Plastic Soup: An Atlas of Ocean Pollution is a beautifully-illustrated book that details the ‘plastic soup’ that is clogging the world’s seas and polluting the environment.
Its author Michiel Roscam Abbing spoke to Environment Journal about ‘plastic fatigue’, how nations can better work together to tackle the issue, and why technology should be the key to cutting down on waste.
What was the most shocking thing you learnt about plastic pollution when researching the book?
The most shocking thing is what is not visible. We breathe microplastics continuously without fully understanding the consequences for our health in the long run.
And what is the impact of increasing concentrations of microplastics in soil? Scientists claim that negative effects on terrestrial ecosystems might have a greater impact than at sea. The most shocking is probably what we don’t know yet.
Why do children seem more engaged with climate change, plastic pollution and other environmental matters than their parents (and grandparents) generation?
Children realise that climate change and problems like ‘plastic soup’ have arisen within one generation —that of their parents. They are uncertain what the world will look like by the time they grow up themselves. While their parents’ generation has profited from plastics, they will be confronted by the negative impacts of plastics on the environment and on their health.
There are some shocking images in your book, such as the turtle stuck in a net, how important have visual mediums such as social media been in raising awareness of the plastic problem?
Some of the images have become iconic and the suffering of animals easily evokes emotion. The impact of these images for raising awareness cannot be underestimated. For the book, we selected images that are beautiful and shocking at the same time. Next to these images, there is context and information.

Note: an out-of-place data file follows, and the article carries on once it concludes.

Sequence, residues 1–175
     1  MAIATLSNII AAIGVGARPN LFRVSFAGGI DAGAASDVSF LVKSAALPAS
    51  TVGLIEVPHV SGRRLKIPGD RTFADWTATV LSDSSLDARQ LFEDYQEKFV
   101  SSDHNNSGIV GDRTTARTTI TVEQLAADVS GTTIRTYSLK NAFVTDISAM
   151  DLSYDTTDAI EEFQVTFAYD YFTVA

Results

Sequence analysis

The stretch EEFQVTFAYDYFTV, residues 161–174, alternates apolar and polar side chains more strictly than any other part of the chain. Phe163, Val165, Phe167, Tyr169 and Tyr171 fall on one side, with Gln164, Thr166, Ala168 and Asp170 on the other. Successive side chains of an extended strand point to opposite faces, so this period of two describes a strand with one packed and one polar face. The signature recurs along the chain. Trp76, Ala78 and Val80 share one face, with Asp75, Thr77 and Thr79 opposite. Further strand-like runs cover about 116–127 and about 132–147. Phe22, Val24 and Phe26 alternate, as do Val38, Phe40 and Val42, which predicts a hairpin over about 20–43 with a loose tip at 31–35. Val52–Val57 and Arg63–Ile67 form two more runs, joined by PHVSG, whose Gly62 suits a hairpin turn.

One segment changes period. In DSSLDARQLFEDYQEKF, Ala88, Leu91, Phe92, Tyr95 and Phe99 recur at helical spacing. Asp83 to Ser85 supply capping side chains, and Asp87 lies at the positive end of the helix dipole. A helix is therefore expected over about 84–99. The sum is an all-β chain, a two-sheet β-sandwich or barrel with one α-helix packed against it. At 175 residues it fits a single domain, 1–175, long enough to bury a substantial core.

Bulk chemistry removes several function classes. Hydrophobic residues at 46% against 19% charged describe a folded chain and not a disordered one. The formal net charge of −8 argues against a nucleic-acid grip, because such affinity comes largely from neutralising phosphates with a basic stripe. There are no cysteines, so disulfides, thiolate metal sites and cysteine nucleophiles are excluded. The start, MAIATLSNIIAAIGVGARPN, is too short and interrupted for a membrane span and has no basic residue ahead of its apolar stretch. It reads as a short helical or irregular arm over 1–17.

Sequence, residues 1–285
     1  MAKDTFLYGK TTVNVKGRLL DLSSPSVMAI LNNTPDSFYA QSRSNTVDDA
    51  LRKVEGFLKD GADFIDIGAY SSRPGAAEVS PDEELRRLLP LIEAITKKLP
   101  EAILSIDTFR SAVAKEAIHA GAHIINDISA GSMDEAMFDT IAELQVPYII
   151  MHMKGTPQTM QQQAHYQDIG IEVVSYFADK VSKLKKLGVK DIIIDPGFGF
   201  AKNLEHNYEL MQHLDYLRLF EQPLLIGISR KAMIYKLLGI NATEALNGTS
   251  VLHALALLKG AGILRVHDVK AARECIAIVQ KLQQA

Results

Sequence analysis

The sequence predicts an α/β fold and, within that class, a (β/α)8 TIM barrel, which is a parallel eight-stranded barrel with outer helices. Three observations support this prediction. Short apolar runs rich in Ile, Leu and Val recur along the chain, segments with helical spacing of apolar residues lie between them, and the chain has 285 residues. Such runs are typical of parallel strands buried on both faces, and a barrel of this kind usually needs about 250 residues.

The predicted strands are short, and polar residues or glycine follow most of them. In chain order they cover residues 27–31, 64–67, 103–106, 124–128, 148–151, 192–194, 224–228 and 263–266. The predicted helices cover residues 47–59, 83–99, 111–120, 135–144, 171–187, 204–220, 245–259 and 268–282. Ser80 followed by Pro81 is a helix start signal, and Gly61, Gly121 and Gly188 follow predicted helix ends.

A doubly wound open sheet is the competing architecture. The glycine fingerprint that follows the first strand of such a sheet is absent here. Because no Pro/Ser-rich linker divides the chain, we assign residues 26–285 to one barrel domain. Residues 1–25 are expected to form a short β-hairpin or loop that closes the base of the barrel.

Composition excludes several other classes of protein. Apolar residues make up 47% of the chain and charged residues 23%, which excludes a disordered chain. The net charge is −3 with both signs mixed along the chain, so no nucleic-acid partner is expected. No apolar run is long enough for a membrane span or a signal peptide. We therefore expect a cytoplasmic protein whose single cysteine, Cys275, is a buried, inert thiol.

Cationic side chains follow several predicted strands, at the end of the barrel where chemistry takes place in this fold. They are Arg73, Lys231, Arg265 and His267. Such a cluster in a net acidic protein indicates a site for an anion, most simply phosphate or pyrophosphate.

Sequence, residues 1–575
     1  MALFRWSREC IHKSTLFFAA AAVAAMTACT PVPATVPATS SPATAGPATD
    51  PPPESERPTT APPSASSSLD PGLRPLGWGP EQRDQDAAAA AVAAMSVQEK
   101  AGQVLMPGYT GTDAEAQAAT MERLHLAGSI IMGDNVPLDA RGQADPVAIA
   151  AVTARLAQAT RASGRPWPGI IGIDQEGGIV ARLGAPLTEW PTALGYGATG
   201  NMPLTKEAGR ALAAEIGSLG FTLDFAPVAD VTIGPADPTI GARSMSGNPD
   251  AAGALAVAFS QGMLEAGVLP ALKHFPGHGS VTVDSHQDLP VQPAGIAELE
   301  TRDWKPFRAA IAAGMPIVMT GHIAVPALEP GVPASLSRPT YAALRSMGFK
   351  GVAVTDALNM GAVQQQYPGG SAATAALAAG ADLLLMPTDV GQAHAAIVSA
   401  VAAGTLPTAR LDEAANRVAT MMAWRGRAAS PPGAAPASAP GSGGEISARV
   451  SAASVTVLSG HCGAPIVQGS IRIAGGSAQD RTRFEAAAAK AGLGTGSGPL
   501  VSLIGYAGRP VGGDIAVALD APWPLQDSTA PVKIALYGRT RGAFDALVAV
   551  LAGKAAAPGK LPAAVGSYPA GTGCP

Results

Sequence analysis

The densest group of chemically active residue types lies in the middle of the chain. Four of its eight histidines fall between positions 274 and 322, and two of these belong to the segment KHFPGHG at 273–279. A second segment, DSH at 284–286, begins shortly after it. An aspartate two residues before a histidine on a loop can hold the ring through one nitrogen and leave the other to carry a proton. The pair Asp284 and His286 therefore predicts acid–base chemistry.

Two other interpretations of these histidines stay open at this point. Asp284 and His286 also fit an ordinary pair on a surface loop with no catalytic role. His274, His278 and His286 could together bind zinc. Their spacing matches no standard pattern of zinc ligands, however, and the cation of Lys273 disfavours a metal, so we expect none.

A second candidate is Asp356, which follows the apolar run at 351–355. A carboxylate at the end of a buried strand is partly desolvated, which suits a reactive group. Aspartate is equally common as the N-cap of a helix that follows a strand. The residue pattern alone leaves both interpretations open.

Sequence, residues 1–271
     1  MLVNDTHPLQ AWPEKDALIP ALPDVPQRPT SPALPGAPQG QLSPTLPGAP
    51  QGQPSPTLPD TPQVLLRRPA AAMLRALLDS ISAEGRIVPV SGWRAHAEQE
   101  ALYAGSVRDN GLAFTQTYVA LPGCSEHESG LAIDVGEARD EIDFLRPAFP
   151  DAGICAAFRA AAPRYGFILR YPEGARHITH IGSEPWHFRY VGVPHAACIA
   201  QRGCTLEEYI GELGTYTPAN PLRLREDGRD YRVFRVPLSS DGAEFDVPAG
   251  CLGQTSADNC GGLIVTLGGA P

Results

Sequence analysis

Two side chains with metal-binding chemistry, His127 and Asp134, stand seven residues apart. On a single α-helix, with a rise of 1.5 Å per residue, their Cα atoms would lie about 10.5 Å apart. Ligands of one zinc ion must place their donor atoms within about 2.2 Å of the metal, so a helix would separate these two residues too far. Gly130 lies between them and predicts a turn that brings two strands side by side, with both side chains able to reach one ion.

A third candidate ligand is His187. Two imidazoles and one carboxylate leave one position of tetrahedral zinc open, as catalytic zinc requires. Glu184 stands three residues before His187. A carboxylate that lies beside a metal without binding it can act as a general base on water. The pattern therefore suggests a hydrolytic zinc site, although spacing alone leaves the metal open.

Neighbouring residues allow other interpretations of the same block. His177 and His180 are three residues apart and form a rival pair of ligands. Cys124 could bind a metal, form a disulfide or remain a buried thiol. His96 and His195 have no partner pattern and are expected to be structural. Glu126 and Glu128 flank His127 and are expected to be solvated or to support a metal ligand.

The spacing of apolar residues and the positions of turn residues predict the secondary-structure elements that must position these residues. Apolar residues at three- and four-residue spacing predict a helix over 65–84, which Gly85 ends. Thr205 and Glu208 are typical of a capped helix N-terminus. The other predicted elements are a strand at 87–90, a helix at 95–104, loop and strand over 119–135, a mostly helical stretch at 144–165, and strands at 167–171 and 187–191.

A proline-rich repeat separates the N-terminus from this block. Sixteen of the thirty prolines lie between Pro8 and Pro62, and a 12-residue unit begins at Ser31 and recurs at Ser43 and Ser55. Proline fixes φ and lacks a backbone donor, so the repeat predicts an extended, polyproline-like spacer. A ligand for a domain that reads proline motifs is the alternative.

Plastic pollution is a global issue — so how can nations better work together to ensure the problem isn’t just shipped around the world, before being dumped in the sea?
Plastic soup is indeed a global issue that can only be solved in a coordinated, international effort.
Nations should join their efforts and agree on an international treaty to curb the problem. The fourth UNEA summit, recently held in Nairobi, provided an opportunity for that. But some member states of the United Nations have blocked the ambitious approach needed.
The lobby of the United States protected the interests of the petrochemical industry successfully. In the years to come, the world will produce much more plastic instead of less.
How can governments better regulate the fishing industry to stop ‘ghost nets’ being dumped in the sea?
Abandoned nets have been catching fish and other marine animals for decades.
This industry is very difficult to regulate because nobody sees what is happening at sea. It is very worrisome for instance that none of the mega-fishing companies includes the problem of ghost nets in their agenda. It is clear that voluntary measures will have hardly any effect.
Governments must take this issue seriously and implement regulation. Options include a deposit scheme for fishing nets, or satellite tracking systems that can trace abandoned or lost nets.
Is there a danger that the public reaches ‘plastic fatigue’ and get complacent or even worse, stops caring?
20 years ago nobody had heard of plastic pollution. Now, people are rightfully concerned. Instead of reaching fatigue, the public might become even more concerned about the harmful consequences of the abundance of plastic.
Because plastics fragment into ever-smaller pieces the concentration of microplastics in the environment accumulates very rapidly. I think that the public realizes that it is not an option to stop caring.
What key inventions have you seen in the struggle against ‘plastic soup’ and what innovative ways have you seen companies or charities add value to plastic waste?
There is no silver bullet or simple solution, but there are many quick wins. We must introduce deposit schemes as they prove to be the most effective system to prevent waste.
There are inspiring new techniques like ‘natural branding’, the technique in which lasers are used to mark vegetables and fruit.
Supermarkets can offer products in plastic-free aisles. There are many inspiring individuals who show us how we can live with zero waste.
Plastic Soup: An Atlas of Ocean Pollution by Michiel Roscam Abbing, a researcher at Plastic Soup Foundation is released on April 26 – £20.00. Island Press.